Local traffickers who facilitate OSEC can earn up to US$100 per show. In 77% of IJM-supported cases, the local traffickers are family members or relatives. OSEC thrives in environments where laws are not effectively enforced, and many perpetrators believe they will never be caught. Because OSEC generates “easy money” with a seemingly endless supply of customers, we need a strong, united and closely coordinated strategy within local and global law enforcement teams in order to fight and ultimately end OSEC.

Mount Pinatubo Lake Hike

The trip will end with a half day hike to the beautiful Mt. Pinatubo crater lake. When Mount Pinatubo erupted in June 1991, it spewed out more than five cubic kilometres of magma and sent an ash cloud 35 kilometres into the air and was the second largest eruption of the 20th century, exceeded only by the 1912 eruption of Mount Novarupta in Alaska.

Today, if you drive out two hours from Manila to the historic town of Capas in the Tarlac Province, you can follow a 25-kilometre trail to the stunning crater of this 1,486-metre-high volcano. Four-wheel-drive vehicles take you across approximately 18 kilometres of the terrain, through a deserted valley flanked by huge lahar mountains, formed by the tremendous volume of mud and ash deposited after the eruption and you hike up the last 6km to the stunning vivid blue-green lake, which is 2.5 kilometres in diameter, and about 800 metres deep - incidentally making it the deepest lake in the country.

Through this eye-opening and educational trip, the group hopes to shed more light on the issue of OSEC and bring international attention to the need for societies, governments and corporations to get involved and help put a stop to this horrific form of violence against children.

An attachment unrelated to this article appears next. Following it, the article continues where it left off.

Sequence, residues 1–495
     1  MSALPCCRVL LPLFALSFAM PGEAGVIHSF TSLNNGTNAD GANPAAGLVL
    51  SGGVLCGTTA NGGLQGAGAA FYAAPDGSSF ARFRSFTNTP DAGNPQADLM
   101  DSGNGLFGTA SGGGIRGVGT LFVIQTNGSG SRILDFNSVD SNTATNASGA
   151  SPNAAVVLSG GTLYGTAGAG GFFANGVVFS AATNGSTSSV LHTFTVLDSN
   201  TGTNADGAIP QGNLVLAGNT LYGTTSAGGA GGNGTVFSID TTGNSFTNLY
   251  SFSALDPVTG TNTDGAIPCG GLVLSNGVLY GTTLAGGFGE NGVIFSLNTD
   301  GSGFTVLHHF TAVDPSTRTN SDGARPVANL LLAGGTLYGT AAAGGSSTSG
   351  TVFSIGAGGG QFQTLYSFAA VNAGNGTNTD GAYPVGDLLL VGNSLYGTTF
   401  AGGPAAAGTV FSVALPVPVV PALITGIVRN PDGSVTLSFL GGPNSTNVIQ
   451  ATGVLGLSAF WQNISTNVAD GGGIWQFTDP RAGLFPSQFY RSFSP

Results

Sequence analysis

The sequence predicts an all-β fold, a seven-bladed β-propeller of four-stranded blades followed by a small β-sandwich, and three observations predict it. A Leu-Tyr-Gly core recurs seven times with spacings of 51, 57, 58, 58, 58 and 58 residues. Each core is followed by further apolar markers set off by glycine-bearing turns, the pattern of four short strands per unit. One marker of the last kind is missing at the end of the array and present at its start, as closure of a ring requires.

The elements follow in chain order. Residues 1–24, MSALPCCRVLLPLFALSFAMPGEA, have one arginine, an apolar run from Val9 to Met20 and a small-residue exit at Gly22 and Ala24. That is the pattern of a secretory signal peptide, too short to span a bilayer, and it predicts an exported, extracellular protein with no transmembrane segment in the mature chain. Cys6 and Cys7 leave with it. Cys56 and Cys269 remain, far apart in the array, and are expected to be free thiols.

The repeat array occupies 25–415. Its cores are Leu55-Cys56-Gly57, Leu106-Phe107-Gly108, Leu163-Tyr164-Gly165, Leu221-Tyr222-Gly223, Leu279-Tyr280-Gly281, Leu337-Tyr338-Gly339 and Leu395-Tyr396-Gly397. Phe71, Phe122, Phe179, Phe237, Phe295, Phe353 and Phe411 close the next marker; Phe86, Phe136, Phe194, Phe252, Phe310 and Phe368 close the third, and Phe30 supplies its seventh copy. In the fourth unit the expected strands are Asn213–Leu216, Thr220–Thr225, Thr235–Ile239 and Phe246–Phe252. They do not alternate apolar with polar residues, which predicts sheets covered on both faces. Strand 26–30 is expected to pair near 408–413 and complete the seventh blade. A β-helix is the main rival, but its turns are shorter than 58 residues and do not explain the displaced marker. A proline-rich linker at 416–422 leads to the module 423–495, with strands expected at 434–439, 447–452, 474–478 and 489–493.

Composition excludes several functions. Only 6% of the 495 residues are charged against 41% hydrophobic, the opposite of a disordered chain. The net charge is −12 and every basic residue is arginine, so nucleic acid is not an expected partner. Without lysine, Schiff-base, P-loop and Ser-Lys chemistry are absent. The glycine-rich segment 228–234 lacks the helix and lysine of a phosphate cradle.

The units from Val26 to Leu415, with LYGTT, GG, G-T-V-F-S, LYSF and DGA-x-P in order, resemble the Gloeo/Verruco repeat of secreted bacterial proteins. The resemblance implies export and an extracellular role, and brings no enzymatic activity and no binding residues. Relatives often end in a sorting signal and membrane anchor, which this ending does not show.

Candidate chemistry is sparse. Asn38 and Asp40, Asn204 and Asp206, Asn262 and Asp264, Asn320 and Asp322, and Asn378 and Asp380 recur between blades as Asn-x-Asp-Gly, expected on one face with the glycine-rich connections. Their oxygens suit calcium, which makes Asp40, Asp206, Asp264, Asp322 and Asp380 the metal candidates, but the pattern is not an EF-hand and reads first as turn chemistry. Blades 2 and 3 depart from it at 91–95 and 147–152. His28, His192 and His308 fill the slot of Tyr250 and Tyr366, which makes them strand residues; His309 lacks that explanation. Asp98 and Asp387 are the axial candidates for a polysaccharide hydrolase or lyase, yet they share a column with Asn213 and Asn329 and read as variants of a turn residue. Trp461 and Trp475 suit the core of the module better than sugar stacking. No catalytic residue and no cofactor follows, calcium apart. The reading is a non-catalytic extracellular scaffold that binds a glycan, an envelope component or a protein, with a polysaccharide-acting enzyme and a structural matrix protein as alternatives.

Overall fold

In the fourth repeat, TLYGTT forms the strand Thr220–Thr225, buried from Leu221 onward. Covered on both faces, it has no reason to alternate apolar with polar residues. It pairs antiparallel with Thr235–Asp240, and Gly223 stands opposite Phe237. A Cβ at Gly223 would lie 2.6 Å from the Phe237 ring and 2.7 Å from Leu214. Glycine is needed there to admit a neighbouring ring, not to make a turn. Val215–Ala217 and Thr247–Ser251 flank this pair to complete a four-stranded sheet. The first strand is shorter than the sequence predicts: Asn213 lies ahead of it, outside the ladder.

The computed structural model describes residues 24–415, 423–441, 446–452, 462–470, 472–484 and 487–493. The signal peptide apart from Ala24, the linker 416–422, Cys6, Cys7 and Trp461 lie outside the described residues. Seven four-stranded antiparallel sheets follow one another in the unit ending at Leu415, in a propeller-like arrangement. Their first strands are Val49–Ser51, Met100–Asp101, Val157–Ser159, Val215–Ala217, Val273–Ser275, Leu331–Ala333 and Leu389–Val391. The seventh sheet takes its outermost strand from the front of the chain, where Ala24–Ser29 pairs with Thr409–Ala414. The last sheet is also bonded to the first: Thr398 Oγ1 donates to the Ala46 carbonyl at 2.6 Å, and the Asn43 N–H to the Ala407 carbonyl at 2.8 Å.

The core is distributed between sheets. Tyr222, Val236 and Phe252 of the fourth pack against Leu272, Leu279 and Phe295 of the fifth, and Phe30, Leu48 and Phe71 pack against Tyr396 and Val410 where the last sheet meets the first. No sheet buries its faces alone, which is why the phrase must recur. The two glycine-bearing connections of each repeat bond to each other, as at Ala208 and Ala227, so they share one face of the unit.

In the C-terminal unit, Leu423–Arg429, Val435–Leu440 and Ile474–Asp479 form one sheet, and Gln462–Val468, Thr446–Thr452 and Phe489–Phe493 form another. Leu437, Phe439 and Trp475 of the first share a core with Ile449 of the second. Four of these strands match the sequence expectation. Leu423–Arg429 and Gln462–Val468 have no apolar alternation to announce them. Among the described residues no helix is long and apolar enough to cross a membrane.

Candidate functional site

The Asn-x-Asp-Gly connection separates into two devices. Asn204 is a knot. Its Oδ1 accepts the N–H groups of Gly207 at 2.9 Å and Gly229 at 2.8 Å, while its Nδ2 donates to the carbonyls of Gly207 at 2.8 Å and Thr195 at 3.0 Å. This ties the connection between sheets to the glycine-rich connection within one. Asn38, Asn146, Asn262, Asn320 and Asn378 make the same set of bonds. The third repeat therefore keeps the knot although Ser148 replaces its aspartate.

About WOAM

WOAM is a non-profit organisation headquartered in Singapore, which combines challenging, self-funded, expeditions to remote and majestic locations around the world as a way to raise awareness and funds for women survivors of war and to support and empower women who have been subjected to violence and abuse. The organisation works with well-established non-profit institutions that already have programmes and structures in place dedicated to serving the underprivileged with a particular focus on women's issues.

Now in its seventh year of operation, WOAM has raised well over $1,000,000 Singapore dollars to date, to support organisations that advance the position of women around the world. In addition to IJM, WOAM also supports Women for Women International, an NGO that provides practical and moral support to women survivors of war, and the following Singapore-based charities: AWARE - Singapore’s leading gender equality advocacy group; UN Women;Aidha - a Singapore NGO empowering domestic workers; and Pertapis Home for Women and Girls. The past ten WOAM expeditions have been to regions of the Himalayas, the Middle East, Africa, Indonesia, Mongolia and the Arctic Circle. To learn more please visit:

About IJM

About International Justice Mission:

International Justice Mission (IJM) is the world’s largest international anti-slavery organization working in 20 communities to combat slavery, trafficking, and other forms of violence against the poor by rescuing and restoring victims, holding perpetrators accountable, and transforming broken public justice systems. Learn more at

Dates of of the trip: January 15-18, 2020

To find out more please contact  Lydia Bowden, Director of Strategic Partnerships, IJM Singapore via email: